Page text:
Monday Profile: Rao brings volunteer experience from India to MSU
Nagadarshan Rao had been speaking English for years when he arrived in the United States last year, but he wasn't completely fluent. Adjusting to the fast pace of native English speakers and the slang of the South was difficult at times, he said, but he has become more comfortable with the language over the past year and can give the Maroon Volunteer Center some of the credit for it. "I've met a lot of people who come from other states and I've shared memorable moments with them," said Rao, an aerospace engineering graduate student at Mississippi State University and a native of Bangalore in southern India. Maroon Volunteer Center coordinates service projects in the Starkville area and participates in the city's annual Day of Service on Martin Luther King Jr. Day. Rao was brand new to MSU, Starkville and the United States when he participated in last year's Day of Service, and this year he served as a site leader, having accrued more than 150 service hours since then. He and another site leader led a group of 25 students in cleaning the Oktoc/District 5 Volunteer Fire Station on Oktoc Road in southeastern Oktibbeha County on Jan. 20.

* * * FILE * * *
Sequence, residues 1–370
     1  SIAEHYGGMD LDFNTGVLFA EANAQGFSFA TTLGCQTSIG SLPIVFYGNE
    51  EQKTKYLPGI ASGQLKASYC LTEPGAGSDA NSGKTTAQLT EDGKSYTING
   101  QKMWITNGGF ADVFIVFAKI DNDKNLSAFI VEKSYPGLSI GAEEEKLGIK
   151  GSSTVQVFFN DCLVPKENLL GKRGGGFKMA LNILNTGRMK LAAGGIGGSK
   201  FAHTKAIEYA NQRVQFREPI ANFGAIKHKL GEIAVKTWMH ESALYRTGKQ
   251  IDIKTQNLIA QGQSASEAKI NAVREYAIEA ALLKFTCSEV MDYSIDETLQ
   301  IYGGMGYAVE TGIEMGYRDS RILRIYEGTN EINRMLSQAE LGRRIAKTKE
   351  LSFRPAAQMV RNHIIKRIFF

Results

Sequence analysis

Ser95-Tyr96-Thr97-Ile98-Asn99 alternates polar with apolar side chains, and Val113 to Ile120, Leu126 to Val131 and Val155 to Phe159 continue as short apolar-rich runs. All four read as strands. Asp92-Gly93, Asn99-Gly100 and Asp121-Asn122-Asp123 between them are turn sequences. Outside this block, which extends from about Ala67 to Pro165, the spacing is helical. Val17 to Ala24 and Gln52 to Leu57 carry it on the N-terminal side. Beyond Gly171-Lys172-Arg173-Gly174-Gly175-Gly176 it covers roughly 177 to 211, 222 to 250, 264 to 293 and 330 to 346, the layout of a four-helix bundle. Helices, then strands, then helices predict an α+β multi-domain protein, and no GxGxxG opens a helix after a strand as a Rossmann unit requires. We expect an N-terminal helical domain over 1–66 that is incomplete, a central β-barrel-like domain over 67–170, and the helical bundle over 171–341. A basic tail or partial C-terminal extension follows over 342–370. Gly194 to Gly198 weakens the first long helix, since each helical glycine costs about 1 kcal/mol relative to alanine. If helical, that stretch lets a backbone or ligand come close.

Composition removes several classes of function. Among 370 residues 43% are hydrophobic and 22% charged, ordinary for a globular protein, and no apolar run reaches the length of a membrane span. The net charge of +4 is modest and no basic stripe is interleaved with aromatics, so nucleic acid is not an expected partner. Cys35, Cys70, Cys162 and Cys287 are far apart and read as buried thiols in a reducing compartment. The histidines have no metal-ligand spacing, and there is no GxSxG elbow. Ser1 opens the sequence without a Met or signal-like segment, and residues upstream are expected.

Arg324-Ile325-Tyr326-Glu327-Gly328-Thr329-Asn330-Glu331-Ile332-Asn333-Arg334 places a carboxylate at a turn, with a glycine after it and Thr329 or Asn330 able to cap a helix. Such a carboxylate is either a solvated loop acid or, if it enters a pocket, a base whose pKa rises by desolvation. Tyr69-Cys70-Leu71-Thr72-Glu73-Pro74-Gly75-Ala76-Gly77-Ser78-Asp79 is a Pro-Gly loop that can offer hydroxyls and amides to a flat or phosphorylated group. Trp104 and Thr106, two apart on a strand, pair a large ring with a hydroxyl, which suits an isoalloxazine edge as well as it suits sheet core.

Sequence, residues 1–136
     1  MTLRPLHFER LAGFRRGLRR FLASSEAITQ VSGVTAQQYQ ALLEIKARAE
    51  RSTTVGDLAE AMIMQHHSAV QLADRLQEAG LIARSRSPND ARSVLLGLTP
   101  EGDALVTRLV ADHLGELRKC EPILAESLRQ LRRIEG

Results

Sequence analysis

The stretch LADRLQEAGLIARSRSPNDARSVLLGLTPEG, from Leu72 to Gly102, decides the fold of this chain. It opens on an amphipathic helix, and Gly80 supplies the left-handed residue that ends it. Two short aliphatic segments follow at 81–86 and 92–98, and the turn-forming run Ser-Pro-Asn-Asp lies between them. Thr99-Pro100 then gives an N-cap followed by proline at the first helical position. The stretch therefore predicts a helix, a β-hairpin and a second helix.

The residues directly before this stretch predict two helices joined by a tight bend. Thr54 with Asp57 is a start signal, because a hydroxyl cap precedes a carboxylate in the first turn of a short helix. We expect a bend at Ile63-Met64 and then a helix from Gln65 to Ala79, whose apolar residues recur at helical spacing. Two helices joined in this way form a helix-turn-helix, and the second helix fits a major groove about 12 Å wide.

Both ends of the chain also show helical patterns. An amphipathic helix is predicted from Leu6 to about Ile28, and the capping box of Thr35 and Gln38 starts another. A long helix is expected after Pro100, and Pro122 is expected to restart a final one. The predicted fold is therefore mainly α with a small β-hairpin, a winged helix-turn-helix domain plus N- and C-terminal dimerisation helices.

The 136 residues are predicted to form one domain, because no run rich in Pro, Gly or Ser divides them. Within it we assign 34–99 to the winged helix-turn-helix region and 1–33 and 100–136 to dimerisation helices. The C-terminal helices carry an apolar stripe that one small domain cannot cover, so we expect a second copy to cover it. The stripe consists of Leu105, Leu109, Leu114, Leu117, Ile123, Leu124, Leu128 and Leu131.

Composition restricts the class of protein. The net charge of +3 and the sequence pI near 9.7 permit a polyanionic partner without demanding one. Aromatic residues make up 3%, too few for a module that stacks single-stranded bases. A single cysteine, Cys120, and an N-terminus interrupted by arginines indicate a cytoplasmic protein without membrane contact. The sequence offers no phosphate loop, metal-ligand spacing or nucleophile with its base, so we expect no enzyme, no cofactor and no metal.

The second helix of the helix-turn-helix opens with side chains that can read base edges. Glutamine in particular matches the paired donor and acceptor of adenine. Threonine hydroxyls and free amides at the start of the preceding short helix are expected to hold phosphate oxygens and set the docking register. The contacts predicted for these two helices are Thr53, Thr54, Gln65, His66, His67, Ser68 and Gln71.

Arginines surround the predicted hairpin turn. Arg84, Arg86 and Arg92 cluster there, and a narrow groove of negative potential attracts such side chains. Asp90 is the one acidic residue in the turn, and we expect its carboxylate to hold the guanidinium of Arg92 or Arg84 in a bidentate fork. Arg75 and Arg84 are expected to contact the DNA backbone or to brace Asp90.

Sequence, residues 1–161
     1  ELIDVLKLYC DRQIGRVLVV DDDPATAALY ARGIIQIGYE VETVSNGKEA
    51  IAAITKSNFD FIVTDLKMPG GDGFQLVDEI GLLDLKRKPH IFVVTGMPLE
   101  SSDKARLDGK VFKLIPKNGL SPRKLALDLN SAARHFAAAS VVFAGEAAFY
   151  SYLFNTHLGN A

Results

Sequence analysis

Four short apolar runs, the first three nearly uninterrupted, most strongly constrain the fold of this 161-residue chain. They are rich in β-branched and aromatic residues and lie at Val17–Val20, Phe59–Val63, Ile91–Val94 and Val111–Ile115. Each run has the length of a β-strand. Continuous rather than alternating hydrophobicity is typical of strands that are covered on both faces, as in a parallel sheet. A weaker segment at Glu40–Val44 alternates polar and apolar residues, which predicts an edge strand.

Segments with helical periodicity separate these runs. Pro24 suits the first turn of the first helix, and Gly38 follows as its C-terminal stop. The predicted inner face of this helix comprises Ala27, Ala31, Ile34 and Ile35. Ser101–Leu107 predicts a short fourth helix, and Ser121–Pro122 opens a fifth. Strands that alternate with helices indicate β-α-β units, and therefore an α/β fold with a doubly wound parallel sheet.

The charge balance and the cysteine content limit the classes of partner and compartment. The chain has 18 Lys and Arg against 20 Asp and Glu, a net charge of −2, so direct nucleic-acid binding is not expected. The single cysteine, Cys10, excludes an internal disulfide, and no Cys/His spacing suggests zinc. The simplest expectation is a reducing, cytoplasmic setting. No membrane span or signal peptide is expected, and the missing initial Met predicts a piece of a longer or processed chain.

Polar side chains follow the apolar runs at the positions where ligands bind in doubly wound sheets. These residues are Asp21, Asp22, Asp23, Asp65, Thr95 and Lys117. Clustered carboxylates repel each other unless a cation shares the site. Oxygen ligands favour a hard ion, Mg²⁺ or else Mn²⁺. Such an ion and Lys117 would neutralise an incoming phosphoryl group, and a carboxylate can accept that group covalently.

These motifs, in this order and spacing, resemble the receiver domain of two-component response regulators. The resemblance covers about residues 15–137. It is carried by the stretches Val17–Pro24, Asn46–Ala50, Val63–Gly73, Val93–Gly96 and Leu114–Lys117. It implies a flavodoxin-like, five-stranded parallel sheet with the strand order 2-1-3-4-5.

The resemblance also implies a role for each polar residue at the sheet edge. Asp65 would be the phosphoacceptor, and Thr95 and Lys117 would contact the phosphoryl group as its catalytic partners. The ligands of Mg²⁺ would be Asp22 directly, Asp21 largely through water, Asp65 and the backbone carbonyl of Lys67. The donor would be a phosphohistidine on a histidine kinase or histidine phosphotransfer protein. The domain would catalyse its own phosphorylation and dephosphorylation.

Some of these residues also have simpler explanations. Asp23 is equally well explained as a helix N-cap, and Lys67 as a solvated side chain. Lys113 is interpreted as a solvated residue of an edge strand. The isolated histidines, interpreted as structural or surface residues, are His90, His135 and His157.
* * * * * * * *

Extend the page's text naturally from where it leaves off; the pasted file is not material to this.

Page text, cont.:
Riders saddle up in Starkville to compete in Winter Barrel Race series
Age and experience are just numbers when you come ready to compete. Horsemen saddled up Sunday in Starkville to race the clock and each other in a winter series event. The Winter Barrel Race series is a series of events that have riders and their horses racing against time. Mississippi Horse Park Director Bricklee Miller said people from across the region saddle up to compete. "This event calls contestants here to compete in barrel racing that would normally not come to Starkville, Mississippi on a Sunday afternoon. We do have contestants from all over the state of Mississippi, even contestants from Tennessee and Alabama today," said Miller. Laura Flowers, 19, said the atmosphere at the Horse Park made the more than three-hour drive from Vicksburg worth her time. Flowers believes the Horse Park in Starkville is one of the best places in the region to ride.
Initial success leads to surveillance camera expansion around Starkville